"It's not only a very terrible campaign in terms of how it looks, but it's also the message that if you don't breast-feed, you are a bad mother and you are the one to blame," Regina Tames of the reproductive-rights group GIRE told NPR.
The advertisements "condemn mothers, rather than informing them about breast feeding, and they reduce a social problem with multiple players—fathers as well as mothers, workplaces, health authorities and public spaces and the community at large—to one person: the mother," a group of activists wrote in a complaint to the city's human-rights commission, the Associated Press reports.
To make matters worse, all the celebrities/new moms in the campaign show off toned, slim tummies, an unrealistic view of women who have just given birth.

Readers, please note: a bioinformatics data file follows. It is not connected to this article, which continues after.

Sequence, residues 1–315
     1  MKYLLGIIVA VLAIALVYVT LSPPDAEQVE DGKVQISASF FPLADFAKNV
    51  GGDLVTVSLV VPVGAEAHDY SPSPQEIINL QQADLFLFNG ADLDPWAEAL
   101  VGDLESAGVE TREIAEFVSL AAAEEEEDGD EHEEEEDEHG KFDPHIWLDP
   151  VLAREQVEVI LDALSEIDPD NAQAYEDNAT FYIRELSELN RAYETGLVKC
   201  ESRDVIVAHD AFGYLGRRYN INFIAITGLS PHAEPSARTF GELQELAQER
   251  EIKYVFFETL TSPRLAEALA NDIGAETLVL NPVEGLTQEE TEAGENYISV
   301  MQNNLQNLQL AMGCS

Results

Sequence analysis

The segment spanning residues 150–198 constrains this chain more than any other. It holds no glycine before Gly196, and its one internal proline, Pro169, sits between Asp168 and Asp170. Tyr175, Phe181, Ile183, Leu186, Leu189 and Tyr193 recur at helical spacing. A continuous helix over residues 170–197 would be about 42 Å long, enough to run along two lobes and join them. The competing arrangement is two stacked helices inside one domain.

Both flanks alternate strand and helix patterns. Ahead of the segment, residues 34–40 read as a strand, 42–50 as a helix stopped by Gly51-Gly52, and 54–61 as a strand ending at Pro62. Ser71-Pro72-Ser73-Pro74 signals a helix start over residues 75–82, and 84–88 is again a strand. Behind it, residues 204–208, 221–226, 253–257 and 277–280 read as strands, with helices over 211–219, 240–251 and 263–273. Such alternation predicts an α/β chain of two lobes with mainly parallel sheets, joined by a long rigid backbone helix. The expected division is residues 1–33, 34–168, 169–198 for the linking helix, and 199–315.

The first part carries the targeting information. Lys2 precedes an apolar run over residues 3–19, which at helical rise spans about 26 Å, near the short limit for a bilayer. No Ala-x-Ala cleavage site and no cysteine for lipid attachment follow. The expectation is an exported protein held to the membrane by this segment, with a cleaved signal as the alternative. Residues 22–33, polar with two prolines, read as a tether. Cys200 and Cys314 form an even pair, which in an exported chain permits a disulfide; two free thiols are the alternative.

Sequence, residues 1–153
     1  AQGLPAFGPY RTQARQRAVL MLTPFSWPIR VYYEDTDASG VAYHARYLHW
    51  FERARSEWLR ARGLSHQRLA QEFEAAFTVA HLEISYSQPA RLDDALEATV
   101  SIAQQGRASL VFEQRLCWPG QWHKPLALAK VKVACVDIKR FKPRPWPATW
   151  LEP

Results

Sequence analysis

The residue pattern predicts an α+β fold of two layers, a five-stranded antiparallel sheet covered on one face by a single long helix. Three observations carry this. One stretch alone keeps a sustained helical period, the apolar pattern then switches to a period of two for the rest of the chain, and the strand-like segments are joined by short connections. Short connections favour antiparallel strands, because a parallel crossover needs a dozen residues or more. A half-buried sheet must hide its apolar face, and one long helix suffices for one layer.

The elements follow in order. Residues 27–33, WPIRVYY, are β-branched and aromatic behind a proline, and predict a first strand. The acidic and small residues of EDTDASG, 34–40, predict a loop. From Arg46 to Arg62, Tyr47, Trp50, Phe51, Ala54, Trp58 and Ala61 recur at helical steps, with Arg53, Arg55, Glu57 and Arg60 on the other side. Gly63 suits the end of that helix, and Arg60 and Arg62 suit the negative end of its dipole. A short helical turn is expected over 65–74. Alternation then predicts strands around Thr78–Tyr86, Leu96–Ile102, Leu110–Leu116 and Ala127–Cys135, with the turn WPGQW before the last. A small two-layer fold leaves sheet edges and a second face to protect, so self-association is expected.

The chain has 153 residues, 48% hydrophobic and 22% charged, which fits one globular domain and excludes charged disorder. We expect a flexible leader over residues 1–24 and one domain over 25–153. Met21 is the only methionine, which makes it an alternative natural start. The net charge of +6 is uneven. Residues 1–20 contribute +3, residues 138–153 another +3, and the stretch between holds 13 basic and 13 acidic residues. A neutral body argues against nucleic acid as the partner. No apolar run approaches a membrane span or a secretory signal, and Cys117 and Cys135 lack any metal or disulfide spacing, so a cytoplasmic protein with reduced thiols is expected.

Emily Gillette said she was discreetly breastfeeding her 22-month-old daughter as her family's flight prepared to leave Burlington International Airport on October 13, 2006. She was seated in the next-to-last row by the window with her husband beside her, and no part of her breast was visible.
Gillette says a flight attendant offered her a blanket to cover up, but she declined, telling the Delta attendant she was allowed to feed her baby without one. Soon after, a ticket agent approached and said they needed to be removed from the flight. So as not to make a scene, they complied.
“It embarrassed me. That was my first reaction, which is a weird reaction for doing something so good for a child,” Gillette told NBC News.
Freedom Airlines later offered a message of support for Gillette and breastfeeding mothers. “We have no company policies whatsoever that hinder breast-feeding in any way,” said Jonathan Ornstein, chairman and chief executive officer, to Portland Press Herald.